Apart from the big three sources of local authority revenue – Council Tax (32 per cent according to the most recent figures), Business Rates (17 per cent), and grants from central government (49 per cent) – a further couple of per cent of funding can come in from an eclectic group of other sources. Parking charges, sales of assets (such as redundant property), and investment income can all make a modest contribution to council budgets. These cannot be relied upon to fund services properly. And like Business Rates, the amount of revenue that can be accrued from parking charges, for example, is a geographic lottery. It usually turns on whether a council has a major shopping centre, the classic examples being central London boroughs such as Camden, Kensington and Chelsea, and Westminster.

The virus certainly brings into sharp focus some important principles of keeping council budgets in order. First, many local authorities are inescapably reliant on help from central government revenue and redistribution of tax revenue on the basis of need. Second, ingenious forms of local taxation, charging, or money-raising, such as revenue from criminal justice enforcement, are not a magic bullet solution. Third, the national government must be willing to step in to ensure that in a crisis, needs are met and the public services that it has legislated for are provided.

There has been a push in recent years to find new ways for local authorities to raise revenue, especially since grants from the centre were cut in the years after 2008 crash. Most notable has been an experiment in recent years to encourage local authorities to retain more of their local business rates and to move away from a grant regime based around the core principles of revenue sharing and need.

This has been enacted in Government policy: the Business Rates Retention Scheme, introduced in 2013, allows local authorities to retain 50 per cent of the business rates in their area. Subsequently in 2019, the Government piloted schemes to allow some local authorities to retain up to 75 per cent. Arguments behind these policies are often animated by a belief that retention will incentivise Local Authorities to support local growth, and a resentment of the UK’s economic centralisation in Whitehall.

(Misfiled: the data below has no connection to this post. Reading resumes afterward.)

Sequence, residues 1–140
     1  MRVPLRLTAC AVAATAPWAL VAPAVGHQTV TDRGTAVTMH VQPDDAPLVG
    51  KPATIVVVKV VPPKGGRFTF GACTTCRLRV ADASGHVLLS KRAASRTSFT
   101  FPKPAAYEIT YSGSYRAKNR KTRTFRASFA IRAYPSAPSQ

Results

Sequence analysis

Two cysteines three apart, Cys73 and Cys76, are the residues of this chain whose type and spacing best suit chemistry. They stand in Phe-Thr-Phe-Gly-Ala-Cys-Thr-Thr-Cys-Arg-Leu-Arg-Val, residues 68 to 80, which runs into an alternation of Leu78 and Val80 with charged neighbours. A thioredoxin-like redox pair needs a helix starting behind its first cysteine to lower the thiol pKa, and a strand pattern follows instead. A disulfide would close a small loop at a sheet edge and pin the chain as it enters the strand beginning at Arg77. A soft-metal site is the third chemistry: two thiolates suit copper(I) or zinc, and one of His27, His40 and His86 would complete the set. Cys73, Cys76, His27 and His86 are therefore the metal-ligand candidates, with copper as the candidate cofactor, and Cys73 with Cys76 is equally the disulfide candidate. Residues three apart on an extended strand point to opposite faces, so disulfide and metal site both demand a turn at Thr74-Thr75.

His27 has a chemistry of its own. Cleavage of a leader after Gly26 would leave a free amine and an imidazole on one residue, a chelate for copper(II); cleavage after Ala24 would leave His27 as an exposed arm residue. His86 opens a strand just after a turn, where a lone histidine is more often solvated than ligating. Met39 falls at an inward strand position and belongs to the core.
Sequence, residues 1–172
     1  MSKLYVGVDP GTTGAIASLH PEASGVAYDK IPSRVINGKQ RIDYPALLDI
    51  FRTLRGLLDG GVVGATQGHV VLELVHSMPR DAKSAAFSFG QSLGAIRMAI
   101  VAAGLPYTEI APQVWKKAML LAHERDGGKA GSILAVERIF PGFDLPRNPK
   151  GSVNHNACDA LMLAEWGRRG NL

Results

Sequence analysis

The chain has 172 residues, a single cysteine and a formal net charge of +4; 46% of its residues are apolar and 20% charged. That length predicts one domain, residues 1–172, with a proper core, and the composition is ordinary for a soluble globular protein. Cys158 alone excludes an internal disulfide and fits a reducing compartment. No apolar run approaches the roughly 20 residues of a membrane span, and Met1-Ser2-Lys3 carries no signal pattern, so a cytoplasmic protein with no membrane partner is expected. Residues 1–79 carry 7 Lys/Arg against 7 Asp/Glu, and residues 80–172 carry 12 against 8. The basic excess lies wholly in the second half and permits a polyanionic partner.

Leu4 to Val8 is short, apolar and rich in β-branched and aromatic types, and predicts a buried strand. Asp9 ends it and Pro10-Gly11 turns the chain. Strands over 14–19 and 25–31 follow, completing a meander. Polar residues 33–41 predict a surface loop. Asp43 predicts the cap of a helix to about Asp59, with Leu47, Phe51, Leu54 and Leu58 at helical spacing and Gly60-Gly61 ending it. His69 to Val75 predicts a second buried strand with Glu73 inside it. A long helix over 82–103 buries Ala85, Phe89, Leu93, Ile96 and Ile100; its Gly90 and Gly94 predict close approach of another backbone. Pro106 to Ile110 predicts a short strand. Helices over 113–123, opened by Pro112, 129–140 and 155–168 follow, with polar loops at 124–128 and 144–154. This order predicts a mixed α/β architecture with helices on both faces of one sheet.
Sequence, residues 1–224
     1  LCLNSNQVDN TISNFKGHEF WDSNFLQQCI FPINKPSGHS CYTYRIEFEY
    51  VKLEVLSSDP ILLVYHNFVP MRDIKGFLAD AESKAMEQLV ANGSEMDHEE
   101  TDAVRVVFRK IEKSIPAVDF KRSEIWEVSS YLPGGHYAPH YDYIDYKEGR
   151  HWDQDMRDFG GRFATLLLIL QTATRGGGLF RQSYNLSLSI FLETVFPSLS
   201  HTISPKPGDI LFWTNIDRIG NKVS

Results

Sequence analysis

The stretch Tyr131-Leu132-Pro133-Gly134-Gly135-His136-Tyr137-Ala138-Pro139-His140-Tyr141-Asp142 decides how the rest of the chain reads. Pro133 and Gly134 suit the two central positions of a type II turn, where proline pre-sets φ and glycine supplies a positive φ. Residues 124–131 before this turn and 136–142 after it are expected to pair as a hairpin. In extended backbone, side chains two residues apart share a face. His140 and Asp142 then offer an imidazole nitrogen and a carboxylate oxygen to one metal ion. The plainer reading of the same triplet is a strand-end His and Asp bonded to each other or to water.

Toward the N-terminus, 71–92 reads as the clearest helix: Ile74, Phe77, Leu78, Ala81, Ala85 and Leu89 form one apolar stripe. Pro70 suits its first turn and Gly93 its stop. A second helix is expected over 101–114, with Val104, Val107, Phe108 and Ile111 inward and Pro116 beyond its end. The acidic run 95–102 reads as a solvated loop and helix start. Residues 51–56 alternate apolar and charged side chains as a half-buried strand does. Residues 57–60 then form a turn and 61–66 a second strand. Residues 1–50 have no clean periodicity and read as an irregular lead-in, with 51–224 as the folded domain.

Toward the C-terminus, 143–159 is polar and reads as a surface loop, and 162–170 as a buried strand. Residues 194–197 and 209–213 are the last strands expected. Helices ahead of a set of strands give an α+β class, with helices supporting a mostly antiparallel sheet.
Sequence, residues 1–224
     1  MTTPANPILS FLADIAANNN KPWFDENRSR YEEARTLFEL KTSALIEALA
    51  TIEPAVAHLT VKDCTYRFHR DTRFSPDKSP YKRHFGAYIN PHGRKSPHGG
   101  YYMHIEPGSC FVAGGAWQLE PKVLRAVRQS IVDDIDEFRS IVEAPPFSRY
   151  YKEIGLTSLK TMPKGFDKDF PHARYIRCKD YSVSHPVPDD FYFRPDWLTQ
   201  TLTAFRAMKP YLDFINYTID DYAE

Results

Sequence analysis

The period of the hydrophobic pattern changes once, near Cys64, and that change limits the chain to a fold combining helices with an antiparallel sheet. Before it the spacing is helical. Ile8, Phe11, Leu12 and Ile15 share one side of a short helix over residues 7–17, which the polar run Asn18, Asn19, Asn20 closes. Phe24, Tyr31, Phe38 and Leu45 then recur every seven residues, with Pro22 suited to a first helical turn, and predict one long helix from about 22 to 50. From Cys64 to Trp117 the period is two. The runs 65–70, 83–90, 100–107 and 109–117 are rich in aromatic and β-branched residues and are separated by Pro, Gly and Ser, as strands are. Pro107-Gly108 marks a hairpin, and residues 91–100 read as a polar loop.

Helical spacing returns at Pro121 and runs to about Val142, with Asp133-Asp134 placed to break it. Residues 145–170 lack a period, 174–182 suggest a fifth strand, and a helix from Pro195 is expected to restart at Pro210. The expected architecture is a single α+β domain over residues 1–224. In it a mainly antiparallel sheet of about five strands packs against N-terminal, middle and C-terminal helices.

The problem remains that many local authorities – retirement communities, and “left-behind places” with older populations, for example – do not have an economic base to stimulate. The brute facts of economic geography very often mean that the only way to ensure that local councils can meet their need is through a generous system of grants that redistribute revenues around the country.

In a crisis like the one the country is experiencing, there is no alternative to relying on the immense borrowing and tax-raising power of the national government. To ensure that local authorities are able to meet all of their service requirements while maintaining balanced budgets, the government grant will have to take the strain. The Government has rightly displayed imagination and generosity in helping households and businesses and will have to continue doing the same for councils. There may well be opportunities further down to the line to for ministers to explore opportunities to give councils more buoyant sources of tax, such as revenue from local income, and sales taxes to finance local public services. But that time is not now.